The shop was located in a poorly maintained old brick building on Chicago’s south side. It housed the typical uneven dusty shelves overloaded with books that spilled over into various small alcoves.
To an antiquarian book collector it was the perfect spot, much like a trout fisherman finding just the right pool on a bedrock bottom of the North Fork. I asked the store owner the location of books on early American History published prior to 1900. She tried to appear interested in helping me but she wasn’t. Her gig was first edition modern literature and her brain cells were filled with Margaret Atwood.
This was actually a very good sign. It was an indication that the books I was interested in would be fairly priced. Purchasing her first edition signed copy of Atwood’s “Alias Grace,” which was located in the locked glass case behind her desk, would be painful. Likely the book had occupied that space undisturbed since shortly after it was published in 1996. Like most bibliophiles, she would be very generous with her knowledge of modern literature while at the same time secretive about the sources of her stock.
The time passed very quickly. After over two hours of fruitless searching, I noticed an attractive leather bound book entitled “Great Britain and Illinois Country,” which I had never seen before. The book probably arrived in a brown paper bag of someone cleaning out the attic. The price was $22, which meant the proprietor likely paid $3 or $4 at most for the book. The book was published in Washington, DC in 1910. The inside free fly page was stamped “Surplus-Library of Congress-Duplicate.” I do not usually buy ex-library books since you can often find the book later without the discard stamp and in better condition. However, below the stamp was the signature “O. W. Holmes.” It was worth $22 to investigate whether in fact this book came from the private library of Oliver Wendell Holmes, Jr., the very distinguished Chief Justice of the United States Supreme Court. After some due diligence, the signature authentication was a success.
Justice Holmes joined the court in 1902. He retired at age 90 and is considered one of the greatest justices of the last century. He caught pneumonia three years later and died. A copy of his will disclosed that he left all of his worldly possessions to the United States government. Despite the good fortune, I found it irritating that some government clerk had discarded a part or maybe all of his private library.
The opportunity of finding something by happenstance is a bonus that comes with endless hours of browsing. I do not understand the attraction of mass-manufactured retail mall or big box company books – everything from biographies to mysteries to self-help works – whatever will command at least $24.95 (with the remainder stock later sold off at $5.95 at SaleBooks.com).
While you can find recently printed popular classics in B and B&N, the likelihood of finding something unusual does not exist. Old books frequently offer up slips of paper, letters or newspaper articles that sometimes offer clues to what attracted the initial reader to the book in the first place. To an antiquarian book collector, the book’s previous owner, the signature and inscription, the craftsmanship, and the chain of ownership form a circle of knowledge as important as the contents of the book itself.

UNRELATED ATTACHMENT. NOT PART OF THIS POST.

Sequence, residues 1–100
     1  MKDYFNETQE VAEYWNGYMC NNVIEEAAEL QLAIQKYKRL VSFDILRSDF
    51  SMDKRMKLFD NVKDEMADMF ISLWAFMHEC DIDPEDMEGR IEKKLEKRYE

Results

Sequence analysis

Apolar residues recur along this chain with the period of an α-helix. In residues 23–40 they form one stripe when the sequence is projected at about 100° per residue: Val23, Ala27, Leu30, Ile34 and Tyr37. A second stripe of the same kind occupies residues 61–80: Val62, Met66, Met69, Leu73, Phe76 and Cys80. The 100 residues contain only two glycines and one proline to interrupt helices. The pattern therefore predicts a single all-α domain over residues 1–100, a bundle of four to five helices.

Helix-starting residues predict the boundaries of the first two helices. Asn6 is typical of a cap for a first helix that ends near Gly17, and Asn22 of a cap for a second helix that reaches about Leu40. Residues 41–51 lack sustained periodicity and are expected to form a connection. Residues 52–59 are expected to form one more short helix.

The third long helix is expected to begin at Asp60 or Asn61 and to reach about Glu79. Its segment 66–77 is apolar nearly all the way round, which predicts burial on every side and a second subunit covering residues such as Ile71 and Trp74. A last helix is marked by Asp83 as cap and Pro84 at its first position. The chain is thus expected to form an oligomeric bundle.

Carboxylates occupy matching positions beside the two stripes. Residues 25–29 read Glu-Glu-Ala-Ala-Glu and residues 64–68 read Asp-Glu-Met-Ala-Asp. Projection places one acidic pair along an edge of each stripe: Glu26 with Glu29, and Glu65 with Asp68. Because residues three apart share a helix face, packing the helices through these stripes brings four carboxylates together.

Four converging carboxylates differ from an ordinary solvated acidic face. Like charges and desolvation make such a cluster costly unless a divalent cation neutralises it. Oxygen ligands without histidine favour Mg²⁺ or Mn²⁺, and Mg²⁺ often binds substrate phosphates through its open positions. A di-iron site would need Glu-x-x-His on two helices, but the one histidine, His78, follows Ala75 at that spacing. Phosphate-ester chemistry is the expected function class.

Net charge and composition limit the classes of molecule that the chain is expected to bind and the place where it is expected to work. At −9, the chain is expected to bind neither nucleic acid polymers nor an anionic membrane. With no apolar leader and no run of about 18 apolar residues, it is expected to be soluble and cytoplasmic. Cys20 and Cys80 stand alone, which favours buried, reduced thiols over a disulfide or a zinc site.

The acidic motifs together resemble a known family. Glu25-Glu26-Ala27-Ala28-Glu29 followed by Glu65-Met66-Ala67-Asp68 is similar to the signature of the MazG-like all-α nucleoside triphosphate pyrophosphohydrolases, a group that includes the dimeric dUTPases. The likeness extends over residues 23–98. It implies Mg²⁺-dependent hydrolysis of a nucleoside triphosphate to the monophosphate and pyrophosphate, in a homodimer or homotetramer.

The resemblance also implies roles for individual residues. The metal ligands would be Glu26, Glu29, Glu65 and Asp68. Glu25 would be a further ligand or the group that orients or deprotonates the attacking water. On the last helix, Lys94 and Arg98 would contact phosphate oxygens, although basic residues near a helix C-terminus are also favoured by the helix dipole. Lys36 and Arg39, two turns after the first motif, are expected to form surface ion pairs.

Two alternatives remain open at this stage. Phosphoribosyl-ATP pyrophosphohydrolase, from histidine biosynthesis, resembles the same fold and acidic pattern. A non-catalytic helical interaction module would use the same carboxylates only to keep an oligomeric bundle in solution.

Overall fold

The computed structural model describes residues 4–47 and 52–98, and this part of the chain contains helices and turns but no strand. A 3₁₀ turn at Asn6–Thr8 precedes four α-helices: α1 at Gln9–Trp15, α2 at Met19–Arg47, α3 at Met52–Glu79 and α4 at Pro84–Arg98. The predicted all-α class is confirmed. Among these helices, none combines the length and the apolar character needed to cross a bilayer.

The Internet has become a popular place to acquire old books. However, there is a lack of excitement in finding books on eBay or elsewhere. Often disappointment follows when the book arrives in poorer condition than represented and the Web description contained omissions and errors. The Old Bookshop is a treasure hunt where book enthusiasts can occasionally save a valuable book from the junk pile.
Bookshop owners usually have such extensive knowledge of an area of interest that should warrant some PhD recognition. In Ann Arbor, Jay at the West Side Book Shop is extremely knowledgeable on polar exploration. Paul at Motte & Bailey is consumed by medieval history and in particular the Crusades. In times past, the proprietor’s mania for limited subject matter often led to bargains in valuable underpriced books in other fields of interest. This is less so today. ABE.com has greatly leveled the playing field by providing a listing of many out-of-print books, their condition and current asking prices. A bookshop owner is able to rather quickly determine the approximate value of most any book that comes in the brown bags and boxes. The knowledge of books that made the used and collectible book business profitable in the past is available to all.
Ann Arbor has many old bookshops, as have other urban and academic communities such as Chicago, Madison and Chapel Hill. Typically housed in old and quirky buildings, these meeting places are important to a vibrant community lifestyle. Like meeting new people, similar by-chance meetings like with Oliver Wendell Holmes in the Old Bookshop will hopefully continue to be a part of our new ” localism.”